Posted by teachersnote on February 3, 2010
Thematic instruction is the organization of a curriculum around macro “themes.” Thematic instruction integrates basic disciplines like reading, math, and science with the exploration of a broad subject, such as communities, rain forests, river basins, the use of energy, and so on.
Thematic instruction is based on the idea that people acquire knowledge best when learning in the context of a coherent “whole,” and when they can connect what they’re learning to the real world. Thematic instruction seeks to put the teaching of cognitive skills such as reading, mathematics, science, and writing in the context of a real-world subject that is both specific enough to be practical, and broad enough to allow creative exploration.
Thematic instruction usually occurs within an entire grade level of students. Teachers of all the different subjects taught in that particular grade work together as a team to design curriculum, instruction methods, and assessment around a preselected theme. Typical steps include:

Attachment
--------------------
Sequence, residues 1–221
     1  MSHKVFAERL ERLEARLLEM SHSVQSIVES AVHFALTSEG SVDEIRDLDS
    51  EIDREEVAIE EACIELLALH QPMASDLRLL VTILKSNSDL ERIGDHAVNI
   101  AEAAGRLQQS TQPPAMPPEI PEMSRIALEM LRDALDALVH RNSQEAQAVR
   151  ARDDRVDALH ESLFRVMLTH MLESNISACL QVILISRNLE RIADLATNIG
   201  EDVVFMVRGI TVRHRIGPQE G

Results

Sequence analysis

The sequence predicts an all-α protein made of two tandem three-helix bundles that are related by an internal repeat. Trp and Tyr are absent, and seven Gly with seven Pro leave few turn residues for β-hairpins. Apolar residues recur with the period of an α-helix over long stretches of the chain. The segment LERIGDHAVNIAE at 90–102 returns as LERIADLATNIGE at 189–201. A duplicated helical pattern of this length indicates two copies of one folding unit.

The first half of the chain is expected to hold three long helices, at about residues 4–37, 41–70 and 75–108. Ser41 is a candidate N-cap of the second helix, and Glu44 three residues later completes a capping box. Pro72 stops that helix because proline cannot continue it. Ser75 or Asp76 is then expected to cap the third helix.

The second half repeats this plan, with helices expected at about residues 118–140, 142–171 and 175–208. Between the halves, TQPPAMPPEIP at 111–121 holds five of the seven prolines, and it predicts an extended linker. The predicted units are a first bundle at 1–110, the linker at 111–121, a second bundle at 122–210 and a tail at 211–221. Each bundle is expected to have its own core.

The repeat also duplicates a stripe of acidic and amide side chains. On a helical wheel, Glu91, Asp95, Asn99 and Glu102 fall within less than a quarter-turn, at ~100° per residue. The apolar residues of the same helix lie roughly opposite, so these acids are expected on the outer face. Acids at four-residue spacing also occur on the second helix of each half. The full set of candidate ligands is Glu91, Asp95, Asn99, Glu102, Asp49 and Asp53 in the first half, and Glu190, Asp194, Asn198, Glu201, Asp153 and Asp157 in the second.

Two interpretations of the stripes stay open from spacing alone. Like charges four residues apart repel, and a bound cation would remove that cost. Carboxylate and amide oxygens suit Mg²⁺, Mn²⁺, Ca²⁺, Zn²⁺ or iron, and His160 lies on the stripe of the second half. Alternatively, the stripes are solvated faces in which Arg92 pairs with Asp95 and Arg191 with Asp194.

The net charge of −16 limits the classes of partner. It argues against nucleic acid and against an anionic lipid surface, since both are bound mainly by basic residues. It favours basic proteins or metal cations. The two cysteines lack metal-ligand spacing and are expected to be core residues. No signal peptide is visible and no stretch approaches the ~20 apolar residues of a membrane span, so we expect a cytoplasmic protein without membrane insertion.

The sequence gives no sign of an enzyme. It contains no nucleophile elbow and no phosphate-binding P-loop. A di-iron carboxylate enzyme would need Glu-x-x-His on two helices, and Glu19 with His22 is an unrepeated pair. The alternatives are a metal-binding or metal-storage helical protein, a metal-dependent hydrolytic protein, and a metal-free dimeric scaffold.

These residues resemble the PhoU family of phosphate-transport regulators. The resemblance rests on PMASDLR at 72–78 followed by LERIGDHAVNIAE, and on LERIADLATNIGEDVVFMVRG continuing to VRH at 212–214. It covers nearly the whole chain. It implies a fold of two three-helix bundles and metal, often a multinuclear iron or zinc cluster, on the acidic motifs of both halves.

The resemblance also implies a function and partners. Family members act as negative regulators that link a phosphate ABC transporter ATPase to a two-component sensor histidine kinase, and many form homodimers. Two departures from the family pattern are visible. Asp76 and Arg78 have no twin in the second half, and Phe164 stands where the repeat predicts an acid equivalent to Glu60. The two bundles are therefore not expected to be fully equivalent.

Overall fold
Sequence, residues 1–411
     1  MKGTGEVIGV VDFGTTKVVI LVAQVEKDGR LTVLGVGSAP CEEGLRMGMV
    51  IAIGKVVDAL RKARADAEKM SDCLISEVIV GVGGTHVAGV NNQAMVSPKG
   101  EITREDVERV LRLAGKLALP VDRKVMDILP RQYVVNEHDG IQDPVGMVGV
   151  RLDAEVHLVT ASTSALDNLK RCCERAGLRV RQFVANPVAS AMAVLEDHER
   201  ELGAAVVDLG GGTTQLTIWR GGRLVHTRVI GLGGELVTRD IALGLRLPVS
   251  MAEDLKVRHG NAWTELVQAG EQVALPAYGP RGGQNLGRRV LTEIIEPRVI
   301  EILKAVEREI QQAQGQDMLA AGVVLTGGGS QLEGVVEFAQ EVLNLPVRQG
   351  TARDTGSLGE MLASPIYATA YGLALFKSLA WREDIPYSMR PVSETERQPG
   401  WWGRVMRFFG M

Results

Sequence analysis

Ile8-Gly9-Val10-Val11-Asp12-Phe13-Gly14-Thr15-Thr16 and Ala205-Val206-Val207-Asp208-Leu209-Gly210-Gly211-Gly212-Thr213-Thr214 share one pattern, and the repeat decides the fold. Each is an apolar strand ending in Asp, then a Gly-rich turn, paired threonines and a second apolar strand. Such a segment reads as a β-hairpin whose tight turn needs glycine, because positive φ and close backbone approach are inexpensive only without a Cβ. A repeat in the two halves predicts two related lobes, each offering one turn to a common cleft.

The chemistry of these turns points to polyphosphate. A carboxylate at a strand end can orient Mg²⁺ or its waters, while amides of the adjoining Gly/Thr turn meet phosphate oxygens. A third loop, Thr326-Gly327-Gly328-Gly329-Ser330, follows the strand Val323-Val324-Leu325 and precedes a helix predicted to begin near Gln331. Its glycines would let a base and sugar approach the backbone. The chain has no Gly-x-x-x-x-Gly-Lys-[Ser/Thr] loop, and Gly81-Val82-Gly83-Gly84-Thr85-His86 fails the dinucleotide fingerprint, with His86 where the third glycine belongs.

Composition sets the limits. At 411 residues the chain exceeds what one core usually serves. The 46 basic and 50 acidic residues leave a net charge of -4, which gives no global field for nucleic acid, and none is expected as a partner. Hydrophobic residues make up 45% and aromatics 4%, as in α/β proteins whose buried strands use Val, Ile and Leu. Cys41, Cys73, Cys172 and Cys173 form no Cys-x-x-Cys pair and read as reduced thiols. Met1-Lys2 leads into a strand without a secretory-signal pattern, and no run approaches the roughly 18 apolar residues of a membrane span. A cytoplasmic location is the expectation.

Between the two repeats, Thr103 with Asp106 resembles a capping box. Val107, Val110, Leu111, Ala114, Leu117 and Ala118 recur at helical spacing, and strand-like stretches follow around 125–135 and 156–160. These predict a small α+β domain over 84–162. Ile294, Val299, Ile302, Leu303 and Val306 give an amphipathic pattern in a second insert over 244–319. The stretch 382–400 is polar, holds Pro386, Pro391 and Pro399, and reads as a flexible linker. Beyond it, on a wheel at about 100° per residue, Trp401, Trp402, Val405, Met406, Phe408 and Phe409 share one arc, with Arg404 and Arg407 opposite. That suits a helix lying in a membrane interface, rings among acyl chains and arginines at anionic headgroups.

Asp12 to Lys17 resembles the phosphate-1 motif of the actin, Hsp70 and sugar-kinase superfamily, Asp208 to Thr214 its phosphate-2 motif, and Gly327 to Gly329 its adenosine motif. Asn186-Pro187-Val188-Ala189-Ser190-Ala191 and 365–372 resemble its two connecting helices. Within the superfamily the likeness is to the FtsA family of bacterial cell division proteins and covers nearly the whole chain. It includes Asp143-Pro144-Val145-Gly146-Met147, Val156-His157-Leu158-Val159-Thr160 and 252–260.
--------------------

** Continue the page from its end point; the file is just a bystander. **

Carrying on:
- Choosing a theme–Themes often involve a large, integrated system (such as a city, an ecosystem, and so on) or a broad concept (such as democracy, weather, and so on). Instructors often strive to connect the theme to the students’ everyday life. In some cases, students participate in choosing the theme or themes.
- Designing the integrated curriculum–The teachers involved must organize the learning objectives of their core curriculum (both process skills and content knowledge) around the theme. In the study of a river basin, for instance, math might involve calculating water flow and volume; social studies could look at the nature of river communities; science might study phenomena like weather and floods; and literature could study books and novels that focus on rivers, such as the works of Mark Twain. The initial design requires considerable work on the part of teachers. Again, sometimes students help design the curriculum.
- Designing the instruction–This usually involves making changes to the class schedule, combining hours normally devoted to specific topics, organizing field trips, teaching in teams, bringing in outside experts, and so on.
- Encouraging presentation and celebration–Because thematic instruction is often project-oriented, it frequently involves students giving collective presentations to the rest of the school or the community. Plus, students commonly create extensive visual displays.
Thematic instruction can be a powerful tool for reintegrating the curriculum and eliminating the isolated, reductionist nature of teaching around disciplines rather than experience. It requires a lot of hard, initial design work, plus a substantial restructuring of teacher relationships and class schedules.